A recently published study took a new approach in exploring the concept of self-awareness in dogs. It was a novel design based on the mirror self-recognition (MSR) test, developed by psychologist Gordon Gallup over 40 years ago.
Gallup devised the test to examine self-recognition in chimpanzees. He first allowed chimpanzees to see their image in a mirror. Then, he surreptitiously painted an odor-free red dye on their eyebrow ridge and the top section of the opposite ear. When they were exposed to a mirror again, the chimpanzees touched the marked area on their body in repeated trials.
Several other species of animals were tested throughout the years using the same method. Bonobos, orangutans, bottlenose dolphins, Asian elephants, Eurasian magpies, manta rays, ants, and orcas were able to recognize themselves in the mirror. There were mixed results noted in gorillas. Human children under 2 years of age failed to recognize themselves.
Can Dogs Recognize Themselves?
In 2016, a research study used a “sniff-test” to determine whether dogs can recognize themselves. The study found that dogs did not spend as much time sniffing their own urine marks versus the urine marks of other dogs. This finding was an indication that dogs appeared to differentiate the smell of their own urine compared to other dogs’ urine.
Using this newfound knowledge, dog cognition expert and author Alexandra Horowitz devised a new research study using a mirror test based on smell. In several different trials, the dog participants were exposed to different combinations of canisters that contained water, the dog’s own urine, unfamiliar dog urine, the dog’s own urine that was modified, and the modifier itself.
We expected the dogs to spend less time sniffing their own urine, which the study did prove. It also showed that the dogs spent more time sniffing unfamiliar dog urine, their own modified urine, and the modifier.
In the first test, the team used diseased spleen samples as the modifier. We know that some dogs can detect cancer and other diseases in people. Since the dogs may spend more time sniffing certain parts of their owners’ body that were diseased, Horowitz was concerned that the diseased tissue may have been too novel or interesting to ignore. In the second experiment, the dogs were exposed to anise as the modifier. The dogs continued to spend more time sniffing their own modified urine compared to their normal urine or the modifier, indicating that they recognized their urine and something was different about it.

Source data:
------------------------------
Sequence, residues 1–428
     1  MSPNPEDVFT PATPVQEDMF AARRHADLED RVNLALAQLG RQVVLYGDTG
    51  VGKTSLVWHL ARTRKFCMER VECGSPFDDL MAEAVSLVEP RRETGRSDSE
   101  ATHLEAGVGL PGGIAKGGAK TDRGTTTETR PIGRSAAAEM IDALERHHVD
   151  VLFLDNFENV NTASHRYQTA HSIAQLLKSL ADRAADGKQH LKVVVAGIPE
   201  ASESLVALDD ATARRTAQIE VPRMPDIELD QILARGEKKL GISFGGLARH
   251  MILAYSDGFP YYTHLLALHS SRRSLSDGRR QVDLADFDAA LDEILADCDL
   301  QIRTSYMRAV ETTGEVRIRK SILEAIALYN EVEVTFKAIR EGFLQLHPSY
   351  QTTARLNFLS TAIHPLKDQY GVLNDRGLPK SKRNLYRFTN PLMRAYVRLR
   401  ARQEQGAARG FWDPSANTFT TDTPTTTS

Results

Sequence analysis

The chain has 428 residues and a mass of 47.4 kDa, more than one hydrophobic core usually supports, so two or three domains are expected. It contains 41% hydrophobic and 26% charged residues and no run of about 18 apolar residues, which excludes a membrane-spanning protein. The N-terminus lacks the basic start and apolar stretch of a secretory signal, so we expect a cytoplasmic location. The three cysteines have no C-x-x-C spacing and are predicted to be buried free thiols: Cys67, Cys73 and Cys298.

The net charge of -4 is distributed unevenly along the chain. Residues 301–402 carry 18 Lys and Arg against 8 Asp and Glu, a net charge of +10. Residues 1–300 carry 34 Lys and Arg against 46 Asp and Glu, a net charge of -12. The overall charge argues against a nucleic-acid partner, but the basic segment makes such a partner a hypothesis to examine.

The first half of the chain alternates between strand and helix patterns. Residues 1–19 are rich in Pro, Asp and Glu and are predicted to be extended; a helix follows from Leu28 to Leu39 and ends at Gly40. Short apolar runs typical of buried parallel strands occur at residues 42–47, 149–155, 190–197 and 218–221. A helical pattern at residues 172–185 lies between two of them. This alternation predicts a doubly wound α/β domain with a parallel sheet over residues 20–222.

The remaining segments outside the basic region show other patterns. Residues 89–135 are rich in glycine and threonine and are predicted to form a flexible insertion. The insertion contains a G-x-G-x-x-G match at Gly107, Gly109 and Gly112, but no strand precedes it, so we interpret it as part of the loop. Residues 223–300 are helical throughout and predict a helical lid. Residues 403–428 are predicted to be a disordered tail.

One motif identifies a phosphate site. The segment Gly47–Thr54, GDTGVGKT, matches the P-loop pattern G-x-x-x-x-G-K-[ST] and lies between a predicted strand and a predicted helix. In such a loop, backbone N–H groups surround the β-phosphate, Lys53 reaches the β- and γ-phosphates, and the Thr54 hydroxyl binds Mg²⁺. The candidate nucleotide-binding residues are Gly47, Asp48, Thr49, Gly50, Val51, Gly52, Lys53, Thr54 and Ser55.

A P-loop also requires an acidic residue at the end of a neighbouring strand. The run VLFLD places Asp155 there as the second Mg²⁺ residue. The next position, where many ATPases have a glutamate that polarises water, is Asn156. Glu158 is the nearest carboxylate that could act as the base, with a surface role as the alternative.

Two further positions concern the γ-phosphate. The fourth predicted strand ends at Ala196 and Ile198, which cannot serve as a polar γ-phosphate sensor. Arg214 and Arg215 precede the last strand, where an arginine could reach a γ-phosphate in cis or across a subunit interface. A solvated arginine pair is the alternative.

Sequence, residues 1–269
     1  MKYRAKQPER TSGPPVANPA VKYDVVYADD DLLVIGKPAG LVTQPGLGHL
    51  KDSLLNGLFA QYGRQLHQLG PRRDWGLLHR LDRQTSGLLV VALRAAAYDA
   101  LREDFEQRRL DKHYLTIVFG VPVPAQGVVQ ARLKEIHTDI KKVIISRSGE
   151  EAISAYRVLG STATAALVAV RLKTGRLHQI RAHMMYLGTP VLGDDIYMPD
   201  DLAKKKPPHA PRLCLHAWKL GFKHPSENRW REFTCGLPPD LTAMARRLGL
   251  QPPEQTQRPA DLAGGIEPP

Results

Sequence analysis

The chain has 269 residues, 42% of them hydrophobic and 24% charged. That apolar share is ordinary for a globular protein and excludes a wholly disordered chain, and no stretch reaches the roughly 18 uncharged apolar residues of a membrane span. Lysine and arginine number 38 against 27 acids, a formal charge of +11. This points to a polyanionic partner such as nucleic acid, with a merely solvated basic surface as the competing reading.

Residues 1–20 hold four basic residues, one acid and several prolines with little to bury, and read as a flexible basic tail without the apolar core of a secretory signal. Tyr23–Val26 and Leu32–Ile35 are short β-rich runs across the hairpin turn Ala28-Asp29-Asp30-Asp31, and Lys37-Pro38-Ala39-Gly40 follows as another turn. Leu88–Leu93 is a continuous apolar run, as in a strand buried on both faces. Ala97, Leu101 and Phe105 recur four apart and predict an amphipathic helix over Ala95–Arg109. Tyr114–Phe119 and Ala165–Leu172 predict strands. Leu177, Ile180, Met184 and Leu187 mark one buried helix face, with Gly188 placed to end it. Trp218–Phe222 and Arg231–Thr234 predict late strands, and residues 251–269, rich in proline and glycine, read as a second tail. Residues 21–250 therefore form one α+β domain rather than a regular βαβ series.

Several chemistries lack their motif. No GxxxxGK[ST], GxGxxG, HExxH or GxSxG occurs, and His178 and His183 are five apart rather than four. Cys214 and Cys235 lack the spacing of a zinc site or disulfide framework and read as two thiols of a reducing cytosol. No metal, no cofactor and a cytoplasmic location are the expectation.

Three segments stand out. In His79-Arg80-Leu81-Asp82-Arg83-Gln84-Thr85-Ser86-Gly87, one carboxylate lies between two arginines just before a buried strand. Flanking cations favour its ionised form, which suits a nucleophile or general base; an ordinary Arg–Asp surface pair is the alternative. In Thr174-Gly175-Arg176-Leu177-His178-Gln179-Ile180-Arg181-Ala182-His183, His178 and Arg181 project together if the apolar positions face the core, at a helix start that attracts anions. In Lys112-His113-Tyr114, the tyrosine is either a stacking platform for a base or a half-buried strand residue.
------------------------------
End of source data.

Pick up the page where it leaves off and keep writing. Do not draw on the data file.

I think Horowitz presented a strong logical case to support her findings. It is difficult to detect self-awareness in species in which they may rely on other senses more strongly, such as dogs and their sense of smell. It is reasonable to test their other senses that may prove more useful to them.
Exploring Canine Behavior
In my clinical veterinary behavior practice, many clients have reported that their dogs reacted to the sight of their reflection in the mirror or water. If the dogs were aggressive toward other dogs, these dogs barked, growled, and lunged at the mirror or reflection in the water. Dogs who were fearful of other dogs exhibited submissive body postures, such as looking away, pulling their ears back, tucking their tails, and lowering their heads. Extremely fearful and anxious dogs cowered, froze, or retreated. If these dogs recognized themselves in the mirror or reflection, I doubt that they would have exhibited such strong responses. There is also a portion of the population who may not be reactive and another portion of dogs who may exhibit a play bow and try to entice their reflection to play with them. You can see many examples of such behavior on YouTube.
This recent study adds another dimension to what we know about dogs and opens up a new avenue of exploration in dog behavior. It highlights that fact that we should not consider different species less intelligent or less self-aware based on just one test. It is truly important to keep in mind the different perceptual abilities that every species possesses and design modified versions of the mirror test to measure those specific abilities.
We know dogs are highly intelligent, otherwise we would not spend time, money, and effort to train service and working dogs. Think about the guide dogs who need to determine when to take their owners across a street. Or the herding dogs who respond to their handlers’ cues to herd the sheep into specific pens. Or the narcotics and bomb detection dogs who make our world safer. I am excited to see more mirror tests modified for other species and for any new findings on dog behavior in the upcoming years.
Dr. Wailani Sung is a board-certified veterinary behaviorist and owner of All Creates Behavior Counseling in Kirkland, Washington. She is the co-author of “From Fearful to Fear Free: A Positive Program to Free Your Dog From Anxiety, Fears, and Phobias.”